More birds push north from Texas to New Jersey as the latest front marches east

National overview

The latest frontal boundary extends from Texas to New Jersey as of last night, bringing southerly flow from Mexico’s Yucatan Peninsula all the way through the Mid-Atlantic region. Trans-Gulf migration was evident late yesterday afternoon across the Texas and Louisiana Gulf Coast, and birds could also be seen making landfall in Florida this morning as they left Cuba after sunset last night. Heavy precipitation associated with the northeastern edge of the front may have caused some localized fallout conditions in the Washington D.C. area this morning as well. The Upper Midwest was again too far north of the frontal boundary to receive the bulk of the migrants heading towards the region, although the light and variable winds over the area did allow some birds already here to push farther to the northwest into the forecast zone.

national composite nexrad from around 11:00pm on 4/16/13
National Composite NEXRAD from around 11:00pm on 4/16/13

Below are the radar loops from sunset last night through 5:00am (central time) this morning

Upper Midwest

Minnesota & Wisconsin

Frames are every 1/2 hour. click on the thumbnail to view the full-sized animation.

base reflectivity image from Duluth base velocity image from Duluth

base reflectivity image from Minnesota base velocity image from Minnesota

Migration was light over Duluth last night, while over the Twin Cities it was a bit heavier. Birds definitely moved farther north into Minnesota this morning, though, and a light movement was still apparent over Duluth at the time of posting. Expect new birds throughout northern MN with no major concentrations due to the lack of weather and the lightness of the flight. Check the tried-and-true spring hotspots in your area for increases in short-distance migrants such as Ruby-crowned Kinglet, Hermit Thrush, and Yellow-bellied Sapsucker.

base reflectivity image from green bay, wi base velocity image from green bay, wi

base reflectivity image from milwaukee base velocity image from milwaukee

base reflectivity image from la crosse, wi base velocity image from la crosse, wi

Easterly winds across the region allowed for some moderate migration across the state last night, with many birds apparently leaving the Michigan lakeshore and heading to the northwest. The pattern was consistent across all Wisconsin radars so expect concentrations to shift from the southeast (especially along the lake) to the northwest. This bodes well for those birders in the northern part of the state for whom spring has barely shown itself.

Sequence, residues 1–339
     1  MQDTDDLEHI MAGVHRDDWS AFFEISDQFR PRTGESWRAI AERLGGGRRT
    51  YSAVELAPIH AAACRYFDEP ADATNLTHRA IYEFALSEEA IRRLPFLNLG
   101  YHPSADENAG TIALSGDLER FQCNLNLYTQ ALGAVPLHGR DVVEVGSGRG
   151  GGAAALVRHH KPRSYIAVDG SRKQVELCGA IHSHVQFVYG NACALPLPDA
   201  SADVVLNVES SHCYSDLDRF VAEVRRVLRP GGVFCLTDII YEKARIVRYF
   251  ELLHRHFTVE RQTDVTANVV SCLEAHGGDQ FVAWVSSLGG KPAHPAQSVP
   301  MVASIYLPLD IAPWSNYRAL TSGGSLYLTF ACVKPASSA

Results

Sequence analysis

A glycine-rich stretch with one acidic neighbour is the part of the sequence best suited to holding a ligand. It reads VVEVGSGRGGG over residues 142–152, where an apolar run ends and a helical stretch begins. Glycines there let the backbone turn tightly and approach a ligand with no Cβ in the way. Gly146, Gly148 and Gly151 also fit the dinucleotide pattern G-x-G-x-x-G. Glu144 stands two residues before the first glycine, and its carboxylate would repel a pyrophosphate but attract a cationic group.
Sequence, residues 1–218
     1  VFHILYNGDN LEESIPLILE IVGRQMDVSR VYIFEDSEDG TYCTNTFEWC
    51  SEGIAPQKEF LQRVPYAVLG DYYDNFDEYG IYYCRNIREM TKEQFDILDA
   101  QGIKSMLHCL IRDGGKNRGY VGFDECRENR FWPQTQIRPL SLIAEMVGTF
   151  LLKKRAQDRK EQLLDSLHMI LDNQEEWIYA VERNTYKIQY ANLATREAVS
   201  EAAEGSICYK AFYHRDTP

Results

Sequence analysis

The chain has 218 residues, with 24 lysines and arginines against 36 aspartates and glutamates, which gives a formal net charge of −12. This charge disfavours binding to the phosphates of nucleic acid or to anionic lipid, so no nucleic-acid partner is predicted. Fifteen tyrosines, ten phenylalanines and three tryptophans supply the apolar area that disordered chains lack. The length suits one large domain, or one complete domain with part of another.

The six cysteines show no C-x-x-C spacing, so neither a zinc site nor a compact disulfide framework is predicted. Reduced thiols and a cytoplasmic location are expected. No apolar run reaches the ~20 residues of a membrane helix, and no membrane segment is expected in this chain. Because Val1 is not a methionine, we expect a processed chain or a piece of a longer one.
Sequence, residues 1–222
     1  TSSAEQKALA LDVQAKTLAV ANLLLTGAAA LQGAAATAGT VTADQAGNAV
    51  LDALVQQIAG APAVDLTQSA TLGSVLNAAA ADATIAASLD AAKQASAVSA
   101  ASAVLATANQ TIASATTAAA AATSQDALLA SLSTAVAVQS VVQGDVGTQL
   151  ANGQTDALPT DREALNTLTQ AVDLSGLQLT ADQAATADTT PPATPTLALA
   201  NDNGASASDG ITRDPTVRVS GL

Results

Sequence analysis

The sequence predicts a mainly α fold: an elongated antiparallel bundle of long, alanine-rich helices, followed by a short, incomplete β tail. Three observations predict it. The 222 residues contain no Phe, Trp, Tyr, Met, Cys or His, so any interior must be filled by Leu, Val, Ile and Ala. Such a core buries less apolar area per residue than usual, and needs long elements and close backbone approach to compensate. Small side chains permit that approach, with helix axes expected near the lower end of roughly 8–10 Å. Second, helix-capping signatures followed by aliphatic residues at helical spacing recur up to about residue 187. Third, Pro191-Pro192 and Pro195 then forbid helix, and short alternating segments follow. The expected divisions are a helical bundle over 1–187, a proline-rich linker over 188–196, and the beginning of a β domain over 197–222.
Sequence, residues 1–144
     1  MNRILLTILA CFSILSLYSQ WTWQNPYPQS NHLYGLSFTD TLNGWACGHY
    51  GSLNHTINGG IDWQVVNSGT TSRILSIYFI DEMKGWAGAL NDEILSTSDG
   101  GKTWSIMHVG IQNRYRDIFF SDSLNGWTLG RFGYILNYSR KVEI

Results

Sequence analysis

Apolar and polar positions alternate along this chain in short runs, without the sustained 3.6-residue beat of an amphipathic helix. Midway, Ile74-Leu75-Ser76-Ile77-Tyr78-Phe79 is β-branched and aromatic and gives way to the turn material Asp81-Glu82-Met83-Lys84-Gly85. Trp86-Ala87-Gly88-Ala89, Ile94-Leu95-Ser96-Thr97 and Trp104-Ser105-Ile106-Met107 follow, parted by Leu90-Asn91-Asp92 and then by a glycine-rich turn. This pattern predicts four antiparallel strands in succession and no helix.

Iowa & Illinois

Frames are every 1/2 hour. click on the thumbnail to view the full-sized animation.

base reflectivity image from chicago, il base velocity image from chicago, il
base reflectivity image from davenport, ia base velocity image from davenport, ia

Migration was lighter over IA and IL last night as conditions worsened closer to the frontal boundary. Little migration was apparent over either of the two radars and what was moving headed NW towards southern Wisconsin and Minnesota.

Given that the forecast area experienced a shift from south to north, expect less birds in the southern half of the region while the northern half (especially the northwest portion) should see some new arrivals today.

As always, woodcreeper.com depends on you to report your sightings and be our ‘eyes on the ground’, so please come back and give us an idea of how we’re doing predicting birding conditions in your neck of the woods.

Good Birding,

David

For migration updates in other regions check-

Michigan’s Upper Peninsula - The Northwoods BIRDAR by Max Henschell
New England - Tom Auer’s blog
Florida/SE - Badbirdz Reloaded by Angel and Mariel Abreu
PA/Ohio Valley - Nemesis Bird by Drew Weber
NW Ohio - Birding the Crane Creek by Kenn Kaufman
Pac NW - Birds Over Portland by Greg Haworth
Continental US - eBird BirdCast Forecast & Report by Team eBird

Woodcreeper On The Road: Headed for High Island, TX

National overview

Evidence of nocturnal migration could be seen across all flyways last night with the heaviest movements from Texas to southern Minnesota, and along the eastern seaboard. New arrivals on the Texas coast last night should still be present this morning, while a new group of Trans-Gulf migrants is expected to make landfall this afternoon from Texas to Louisiana.

national composite nexrad from around 11:00pm on 4/13/13
National Composite NEXRAD from around 11:00pm on 4/13/13

Below are the radar loops from sunset last night through 5:00am (central time) this morning

Western Gulf Coast

Texas